Results: No significant group-by-time interaction was observed for physical activity (p>0.1). The subjects were likely to select an activity category higher than baseline throughout the study (pooled data: B = 0.720–1.614, p<0.001–0.046). Higher baseline Stroop predicted higher physical activity through all subsequent time-points (pooled data: B = 0.011–0.013, p = 0.015–0.030). Higher baseline TMT B–A predicted higher physical activity at 6m (pooled data: B = 0.007, p = 0.006) and during COVID-19 (B = 0.005, p = 0.030). In the PT group, higher baseline Letter Fluency predicted higher physical activity at 12m (B = -0.028, p = 0.030) and follow-up (B = -0.042, p = 0.002).

Conclusions: Cognitive training did not have additive effects over physical training alone on physical activity, but multicomponent training and higher executive function at baseline may support adaptation to and maintenance of a physically active lifestyle among older adults.

Place, publisher, year, edition, pages
Public Library of Science, 2021
National Category
Gerontology, specialising in Medical and Health Sciences Applied Psychology Public Health, Global Health, Social Medicine and Epidemiology
Identifiers
urn:nbn:se:umu:diva-188868 (URN)10.1371/journal.pone.0258559 (DOI)000732519500065 ()34644357 (PubMedID)2-s2.0-85117217126 (Scopus ID)
Funder
EU, Horizon 2020, 675003
Available from: 2021-11-02 Created: 2021-11-02 Last updated: 2023-09-05Bibliographically approved
Stigsdotter Neely, A. & Nyberg, L. (2021). Working memory training in late adulthood: A behavioral and brain perspective (1ed.). In: Jan Rummel (Ed.), Current Issues in Memory: Memory Research in the Public Interest (pp. 319-336). Routledge
Open this publication in new window or tab >>Working memory training in late adulthood: A behavioral and brain perspective
2021 (English)In: Current Issues in Memory: Memory Research in the Public Interest / [ed] Jan Rummel, Routledge, 2021, 1, p. 319-336Chapter in book (Refereed)
Abstract [en]

This chapter provides an overview of the efforts that have been undertaken to ameliorate decline in cognitive functions in healthy older adults through practice and training with a particular focus on working memory and its processes. A wealth of evidence has shown that aging is associated with decline in various cognitive abilities. For decades, cognitive aging research has focused on explaining age-related cognitive decline with less emphasis on how to support the aging mind and brain. It has not been until quite recently that more focused attempts to train working memory have become the very topic of cognitive training for both young and old adults. The dual-task training protocol used in this research has varied slightly between studies but generally consists of two tasks performed concurrently such as a tracing task combined with an alphabet-arithmetic task or letter discrimination combined with tone discrimination.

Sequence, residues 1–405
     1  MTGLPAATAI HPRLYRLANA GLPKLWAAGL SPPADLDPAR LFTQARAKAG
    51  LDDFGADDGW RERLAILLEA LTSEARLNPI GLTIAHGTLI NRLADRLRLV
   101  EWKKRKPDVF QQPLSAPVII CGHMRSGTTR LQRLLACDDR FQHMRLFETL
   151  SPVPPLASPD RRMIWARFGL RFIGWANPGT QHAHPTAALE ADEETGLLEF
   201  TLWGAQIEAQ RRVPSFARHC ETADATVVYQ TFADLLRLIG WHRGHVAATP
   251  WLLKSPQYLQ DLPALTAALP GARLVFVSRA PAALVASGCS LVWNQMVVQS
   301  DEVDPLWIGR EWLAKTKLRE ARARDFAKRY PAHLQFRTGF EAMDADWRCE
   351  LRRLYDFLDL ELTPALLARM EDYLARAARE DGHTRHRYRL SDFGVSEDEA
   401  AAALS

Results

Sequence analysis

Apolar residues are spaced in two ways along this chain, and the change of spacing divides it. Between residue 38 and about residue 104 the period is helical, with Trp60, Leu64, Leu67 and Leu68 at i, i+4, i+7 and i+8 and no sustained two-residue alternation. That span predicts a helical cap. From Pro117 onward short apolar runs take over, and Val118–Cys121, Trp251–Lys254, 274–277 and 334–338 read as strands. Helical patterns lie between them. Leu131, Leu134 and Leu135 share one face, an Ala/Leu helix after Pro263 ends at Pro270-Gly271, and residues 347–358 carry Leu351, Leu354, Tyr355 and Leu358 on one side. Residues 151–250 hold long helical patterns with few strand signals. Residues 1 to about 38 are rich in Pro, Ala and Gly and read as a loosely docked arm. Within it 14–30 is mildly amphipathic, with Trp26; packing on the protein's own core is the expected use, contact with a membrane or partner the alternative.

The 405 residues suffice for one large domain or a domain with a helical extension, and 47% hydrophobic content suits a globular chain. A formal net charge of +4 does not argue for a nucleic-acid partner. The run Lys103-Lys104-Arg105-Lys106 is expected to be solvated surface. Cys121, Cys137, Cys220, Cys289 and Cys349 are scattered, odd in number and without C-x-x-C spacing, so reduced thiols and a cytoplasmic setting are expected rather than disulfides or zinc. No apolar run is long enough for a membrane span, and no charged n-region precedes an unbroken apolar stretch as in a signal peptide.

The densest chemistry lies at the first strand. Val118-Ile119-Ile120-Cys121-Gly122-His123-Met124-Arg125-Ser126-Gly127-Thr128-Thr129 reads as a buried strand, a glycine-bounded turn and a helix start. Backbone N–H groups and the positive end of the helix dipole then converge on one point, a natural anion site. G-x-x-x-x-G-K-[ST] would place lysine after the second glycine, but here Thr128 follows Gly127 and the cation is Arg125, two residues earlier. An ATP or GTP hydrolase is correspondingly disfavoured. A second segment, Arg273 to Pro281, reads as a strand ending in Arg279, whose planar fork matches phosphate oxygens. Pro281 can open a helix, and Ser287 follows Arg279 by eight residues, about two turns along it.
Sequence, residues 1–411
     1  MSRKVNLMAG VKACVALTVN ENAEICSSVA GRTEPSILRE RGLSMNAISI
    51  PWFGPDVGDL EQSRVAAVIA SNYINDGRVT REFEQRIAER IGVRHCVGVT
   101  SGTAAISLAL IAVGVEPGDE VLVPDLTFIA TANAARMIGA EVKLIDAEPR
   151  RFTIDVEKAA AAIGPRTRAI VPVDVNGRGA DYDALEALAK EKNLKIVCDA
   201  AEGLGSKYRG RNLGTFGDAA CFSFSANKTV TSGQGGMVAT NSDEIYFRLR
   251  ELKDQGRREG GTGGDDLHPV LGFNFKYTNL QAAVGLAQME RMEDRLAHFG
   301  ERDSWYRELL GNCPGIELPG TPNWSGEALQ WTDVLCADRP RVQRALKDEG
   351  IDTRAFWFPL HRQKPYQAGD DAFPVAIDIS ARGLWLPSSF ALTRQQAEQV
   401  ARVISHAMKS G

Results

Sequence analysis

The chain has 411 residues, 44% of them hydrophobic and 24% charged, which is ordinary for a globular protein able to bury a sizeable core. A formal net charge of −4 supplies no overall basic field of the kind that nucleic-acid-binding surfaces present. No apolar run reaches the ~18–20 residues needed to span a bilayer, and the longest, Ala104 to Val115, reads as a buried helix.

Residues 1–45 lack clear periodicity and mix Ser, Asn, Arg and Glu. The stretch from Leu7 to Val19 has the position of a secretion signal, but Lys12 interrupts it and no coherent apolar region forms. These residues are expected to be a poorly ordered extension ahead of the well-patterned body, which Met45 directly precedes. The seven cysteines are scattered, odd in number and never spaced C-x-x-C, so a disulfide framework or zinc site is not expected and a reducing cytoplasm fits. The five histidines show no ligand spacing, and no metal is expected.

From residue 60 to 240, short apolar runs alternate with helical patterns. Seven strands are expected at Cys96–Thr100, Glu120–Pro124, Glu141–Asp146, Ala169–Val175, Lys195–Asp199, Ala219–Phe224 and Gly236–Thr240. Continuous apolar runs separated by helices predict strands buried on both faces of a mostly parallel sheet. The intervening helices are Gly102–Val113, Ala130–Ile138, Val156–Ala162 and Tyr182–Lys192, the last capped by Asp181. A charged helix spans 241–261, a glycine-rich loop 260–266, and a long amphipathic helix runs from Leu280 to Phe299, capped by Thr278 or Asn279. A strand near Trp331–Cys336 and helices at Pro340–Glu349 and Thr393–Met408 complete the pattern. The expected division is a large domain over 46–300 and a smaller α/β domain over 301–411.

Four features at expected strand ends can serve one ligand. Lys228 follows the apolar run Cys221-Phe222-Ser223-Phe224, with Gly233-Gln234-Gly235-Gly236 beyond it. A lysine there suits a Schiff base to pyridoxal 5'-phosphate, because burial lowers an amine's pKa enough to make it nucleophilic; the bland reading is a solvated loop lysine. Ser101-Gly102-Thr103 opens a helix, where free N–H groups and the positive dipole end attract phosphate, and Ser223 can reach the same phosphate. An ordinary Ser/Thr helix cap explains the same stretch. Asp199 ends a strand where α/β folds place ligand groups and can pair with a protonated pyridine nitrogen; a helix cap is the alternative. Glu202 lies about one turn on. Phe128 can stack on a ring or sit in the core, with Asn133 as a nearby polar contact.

Place, publisher, year, edition, pages
Routledge, 2021 Edition: 1
Series
Current Issues in Memory
National Category
Neurosciences Psychology (excluding Applied Psychology)
Identifiers
urn:nbn:se:umu:diva-191390 (URN)10.4324/9781003106715-20 (DOI)2-s2.0-85109651021 (Scopus ID)9781003106715 (ISBN)9780367618254 (ISBN)
Available from: 2022-01-14 Created: 2022-01-14 Last updated: 2022-05-13Bibliographically approved
Eskilsson, T., Fjellman-Wiklund, A., Ek Malmer, E., Stigsdotter Neely, A., Malmberg Gavelin, H., Slunga-Järvholm, L., . . . Nordin, M. (2020). Hopeful struggling for health: Experiences of participating in computerized cognitive training and aerobic training for persons with stress-related exhaustion disorder. Scandinavian Journal of Psychology, 61(3), 361-368
Open this publication in new window or tab >>Hopeful struggling for health: Experiences of participating in computerized cognitive training and aerobic training for persons with stress-related exhaustion disorder
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2020 (English)In: Scandinavian Journal of Psychology, ISSN 0036-5564, E-ISSN 1467-9450, Vol. 61, no 3, p. 361-368Article in journal (Refereed) Published
Abstract [en]

It is important to understand how people with exhaustion disorder (ED) perceive interventions aiming to facilitate cognitive functioning. Therefore, the overall aim of this study was to explore experiences from persons with ED after participating in a 12-week intervention of either computerized cognitive training or aerobic training. Both interventions were performed in addition to a multimodal rehabilitation programme. Thirteen participants, 11 women and 2 men, were interviewed about pros and cons with participating in the training. The interviews were analysed with Qualitative Content Analysis. The analyses resulted in the theme hopeful struggling for health and the categories support, motivation and sensations. It was hard work recovering from ED. Support from others who are in the same situation, family members, and technology and routines for the training were strongly emphasized as beneficial for recovery. Timing, i.e., matching activities to the rehabilitation programme, getting feedback and perceiving joy in the training were important for motivation. Participants in both interventions experienced positive sensations with improved memory performance, everyday life functioning and increased faith in the prospect of recovery. However, it is important to consider various aspects of support and motivation in both computerized cognitive training and aerobic training to enable participants to pursue their participation.